Another Brexit supporting politician, Daniel Hannan MEP, recently told the BBC that leaving the EU would benefit the poorest Britons because they would have access to cheap food. People like Farage, Fox and Hannan want you, and the 29 million who did not vote to leave, to introduce hormone injected beef from cattle fed on antibiotics and chicken washed in chlorine into your diet. How is this of benefit to anyone except the importers? It will impoverish our farmers and threaten the health of ordinary people, placing even greater pressure on the NHS.
It is not too late. It’s time to wake up to what awaits us after March 2019. Exiting from Brexit might leave a few politicians looking foolish, but what’s not to like about that? It’s time to respect the will of the many, not the few.
Blather is an old Scots word ultimately derived from an earlier Scandinavian word for chatter or prattle. I could have used any one of many words to denote the nonsense that is still being uttered by British politicians who want the UK to leave the EU. I was tempted to use a crude reference to bovine excrement or an equally unsavoury noun usually associated with a certain part of the male anatomy that comes by the pair.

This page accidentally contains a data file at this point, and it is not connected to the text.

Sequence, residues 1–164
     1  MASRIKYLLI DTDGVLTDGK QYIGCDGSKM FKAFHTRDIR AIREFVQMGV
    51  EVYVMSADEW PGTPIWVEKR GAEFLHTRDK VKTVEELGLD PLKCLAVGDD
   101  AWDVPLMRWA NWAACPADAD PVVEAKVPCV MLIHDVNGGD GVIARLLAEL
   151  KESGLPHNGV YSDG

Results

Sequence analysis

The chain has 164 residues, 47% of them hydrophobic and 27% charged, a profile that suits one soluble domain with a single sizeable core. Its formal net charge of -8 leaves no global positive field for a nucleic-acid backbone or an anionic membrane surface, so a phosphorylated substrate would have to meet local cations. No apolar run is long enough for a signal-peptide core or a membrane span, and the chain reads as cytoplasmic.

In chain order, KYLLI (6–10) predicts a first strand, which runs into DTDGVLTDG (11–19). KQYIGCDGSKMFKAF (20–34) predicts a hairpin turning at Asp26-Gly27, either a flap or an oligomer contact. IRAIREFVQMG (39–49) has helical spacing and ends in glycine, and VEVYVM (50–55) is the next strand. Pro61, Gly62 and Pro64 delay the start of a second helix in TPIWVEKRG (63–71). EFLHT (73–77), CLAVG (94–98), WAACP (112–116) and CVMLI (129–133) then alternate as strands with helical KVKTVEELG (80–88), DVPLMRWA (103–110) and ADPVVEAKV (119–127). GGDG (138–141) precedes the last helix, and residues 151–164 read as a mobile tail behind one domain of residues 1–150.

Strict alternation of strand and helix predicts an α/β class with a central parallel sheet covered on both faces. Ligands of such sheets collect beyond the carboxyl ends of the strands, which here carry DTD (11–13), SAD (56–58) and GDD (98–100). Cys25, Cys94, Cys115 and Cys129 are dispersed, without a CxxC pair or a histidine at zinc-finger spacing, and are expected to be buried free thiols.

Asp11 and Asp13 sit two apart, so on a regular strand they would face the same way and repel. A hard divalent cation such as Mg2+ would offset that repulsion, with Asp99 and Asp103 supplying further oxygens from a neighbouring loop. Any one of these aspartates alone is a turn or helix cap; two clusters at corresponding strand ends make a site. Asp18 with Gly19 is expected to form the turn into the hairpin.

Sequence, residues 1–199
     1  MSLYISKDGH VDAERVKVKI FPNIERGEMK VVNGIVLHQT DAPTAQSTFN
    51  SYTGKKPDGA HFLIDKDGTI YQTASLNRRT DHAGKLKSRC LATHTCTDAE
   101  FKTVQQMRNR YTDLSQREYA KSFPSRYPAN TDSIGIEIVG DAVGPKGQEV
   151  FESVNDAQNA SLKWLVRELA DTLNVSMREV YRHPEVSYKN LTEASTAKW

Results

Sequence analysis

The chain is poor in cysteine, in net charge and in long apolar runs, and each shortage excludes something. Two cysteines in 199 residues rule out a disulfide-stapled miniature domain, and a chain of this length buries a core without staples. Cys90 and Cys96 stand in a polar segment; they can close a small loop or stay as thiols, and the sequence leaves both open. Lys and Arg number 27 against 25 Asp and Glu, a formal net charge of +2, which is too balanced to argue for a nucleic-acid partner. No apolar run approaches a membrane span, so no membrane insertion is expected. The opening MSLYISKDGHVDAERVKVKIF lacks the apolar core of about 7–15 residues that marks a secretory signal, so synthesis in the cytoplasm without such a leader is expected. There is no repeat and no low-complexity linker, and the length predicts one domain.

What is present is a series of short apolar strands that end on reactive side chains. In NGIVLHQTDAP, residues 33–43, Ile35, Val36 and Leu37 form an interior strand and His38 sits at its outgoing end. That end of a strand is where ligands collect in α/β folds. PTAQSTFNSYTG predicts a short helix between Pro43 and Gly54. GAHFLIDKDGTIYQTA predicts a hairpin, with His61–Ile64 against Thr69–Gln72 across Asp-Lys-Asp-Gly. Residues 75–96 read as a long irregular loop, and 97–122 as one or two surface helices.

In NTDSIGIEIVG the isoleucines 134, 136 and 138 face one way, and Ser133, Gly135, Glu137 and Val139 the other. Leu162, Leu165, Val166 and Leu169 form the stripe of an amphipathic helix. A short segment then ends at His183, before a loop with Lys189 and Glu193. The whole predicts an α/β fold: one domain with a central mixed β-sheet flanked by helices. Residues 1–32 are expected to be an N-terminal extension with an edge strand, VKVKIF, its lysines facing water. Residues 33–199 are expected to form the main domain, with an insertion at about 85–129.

I caught a segment of the ‘Tonight‘ programme on Irish television earlier in the week in which Sir Jeffrey Donaldson was taking part. Asked what was his problem with the Single Market and the Customs Union, he asserted that they prevent the UK negotiating trade deals with non-EU countries, deals which he was sure would benefit Northern Ireland businesses. When it was pointed out that most of those countries, including those who are members of the Commonwealth, prefer to deal with the UK as part of the much larger EU market, he responded by saying he had recently returned from Egypt where he led a trade mission from Northern Ireland, securing lucrative contracts for Northern Ireland businesses.